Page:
(c) 2012 Christiana Lambert

(c) 2012 Christiana Lambert

Last week my husband and I helped our daughter move most of her possessions into the house where she will be living for this her “super” senior year.

She asked, “How many times have you moved me?”

He said, “Ten.”

Not that he’s counting or anything. Moving our daughter and all the “stuff” she surrounds herself with is not a trivial task. Thank goodness she realizes that—maybe not enough to get rid of some it—but she does know that we have gone the distance for her on this task.

Once we had loaded the vehicles, I felt an instant relief from having more space in our house. Then again, she herself hadn’t really left yet. She had another week of work here before she needed to return to her campus job. So yesterday I took her to lunch since I realized this was it—and so did she.

I understand that many of her peers have graduated already and that it’s only thanks to poor advising and scheduling in the department of her chosen major that she is not already done. (Though she has earned 122 credits, she has three classes and two semesters ahead of her—ugh. But that’s a topic for a whole different post . . .)

Her freshman year was spent so far away from us—we were used to her being gone. But a transfer to a closer campus that does not quite suit her brought us in closer and more frequent contact. To say that she never got her groove going at her current university is an understatement—she was much better suited for the laidback, small college she formerly attended than for a large state university. She had valid reasons to transfer but, still, did not realize just how different the experience would be. Nonetheless, after some point, it just made sense to commit to finish where she is now.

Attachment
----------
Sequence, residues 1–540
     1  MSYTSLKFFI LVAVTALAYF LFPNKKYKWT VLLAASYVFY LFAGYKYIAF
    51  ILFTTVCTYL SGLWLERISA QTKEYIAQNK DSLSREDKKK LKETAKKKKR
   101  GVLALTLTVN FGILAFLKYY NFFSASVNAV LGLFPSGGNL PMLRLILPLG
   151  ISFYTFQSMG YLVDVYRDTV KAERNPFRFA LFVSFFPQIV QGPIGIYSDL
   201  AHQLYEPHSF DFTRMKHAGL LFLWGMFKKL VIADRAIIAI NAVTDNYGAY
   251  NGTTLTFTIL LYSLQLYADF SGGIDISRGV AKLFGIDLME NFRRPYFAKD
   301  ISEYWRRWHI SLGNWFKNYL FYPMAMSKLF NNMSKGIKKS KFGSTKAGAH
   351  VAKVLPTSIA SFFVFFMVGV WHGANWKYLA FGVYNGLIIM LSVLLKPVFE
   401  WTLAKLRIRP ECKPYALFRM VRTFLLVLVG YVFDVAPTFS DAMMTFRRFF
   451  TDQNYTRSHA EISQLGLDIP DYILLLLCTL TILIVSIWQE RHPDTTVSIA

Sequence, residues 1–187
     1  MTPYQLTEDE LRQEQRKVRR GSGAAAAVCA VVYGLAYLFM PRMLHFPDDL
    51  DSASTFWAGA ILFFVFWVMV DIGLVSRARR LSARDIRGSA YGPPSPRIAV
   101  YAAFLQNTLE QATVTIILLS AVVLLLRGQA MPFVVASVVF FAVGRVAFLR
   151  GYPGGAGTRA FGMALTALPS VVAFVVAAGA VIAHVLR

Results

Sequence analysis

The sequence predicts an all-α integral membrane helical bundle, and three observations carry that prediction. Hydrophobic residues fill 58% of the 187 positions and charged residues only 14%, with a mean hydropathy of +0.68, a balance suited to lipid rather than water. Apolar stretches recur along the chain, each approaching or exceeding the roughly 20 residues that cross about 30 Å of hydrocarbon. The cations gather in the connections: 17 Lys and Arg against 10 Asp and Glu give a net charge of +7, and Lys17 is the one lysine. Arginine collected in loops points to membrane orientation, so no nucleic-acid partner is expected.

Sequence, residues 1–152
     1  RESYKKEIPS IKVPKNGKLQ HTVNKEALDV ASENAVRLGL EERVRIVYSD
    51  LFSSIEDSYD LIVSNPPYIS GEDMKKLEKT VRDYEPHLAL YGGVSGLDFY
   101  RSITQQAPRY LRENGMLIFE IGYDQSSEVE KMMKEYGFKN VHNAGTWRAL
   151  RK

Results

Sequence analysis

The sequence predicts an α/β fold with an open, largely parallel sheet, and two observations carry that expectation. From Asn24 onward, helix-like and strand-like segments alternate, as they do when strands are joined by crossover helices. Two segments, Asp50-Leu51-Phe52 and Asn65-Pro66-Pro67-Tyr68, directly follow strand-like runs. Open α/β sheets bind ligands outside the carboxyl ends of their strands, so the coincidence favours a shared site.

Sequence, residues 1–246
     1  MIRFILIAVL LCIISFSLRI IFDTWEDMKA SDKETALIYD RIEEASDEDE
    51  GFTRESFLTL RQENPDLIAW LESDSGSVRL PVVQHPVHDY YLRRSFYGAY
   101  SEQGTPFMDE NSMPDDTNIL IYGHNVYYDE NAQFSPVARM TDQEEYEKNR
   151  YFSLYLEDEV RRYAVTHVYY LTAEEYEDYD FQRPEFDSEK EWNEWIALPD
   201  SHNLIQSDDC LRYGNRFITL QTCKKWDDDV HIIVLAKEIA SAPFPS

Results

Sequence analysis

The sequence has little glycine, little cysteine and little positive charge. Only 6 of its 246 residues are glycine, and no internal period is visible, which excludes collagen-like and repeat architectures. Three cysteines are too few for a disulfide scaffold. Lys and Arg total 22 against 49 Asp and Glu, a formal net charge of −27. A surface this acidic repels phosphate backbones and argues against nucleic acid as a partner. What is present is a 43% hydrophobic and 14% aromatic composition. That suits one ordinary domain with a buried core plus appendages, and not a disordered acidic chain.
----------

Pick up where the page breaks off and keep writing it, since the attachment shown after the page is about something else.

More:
This has been a summer of healing for her and she is returning healthier than she has been for a few years. I want her to know that it is not too late to experience joy in this somewhat forced “super” senior year. There is still time to reclaim much of what is good about being in college, even if she will need to find outside work, too.

I hope I don’t see as much of her this year—I really don’t. Not because I don’t love her, but because it’s long past time for her to come out of the cocoon of the past few years and claim her wings—both for now and for what lies beyond college.

It’s time to move on, it’s time to get going, what lies ahead, we have no way of knowing . . .

Still I was a little sad to see her go one more time before she takes flight from us for good. And, just like that she was back in that college time zone where it makes sense to forget to text your parents a reply until they’ve long since gone to bed—and that’s OK. Glad she’s back on her way enough to forget what time it is. Oh no, I haven’t forgotten—it’s time for her to move on.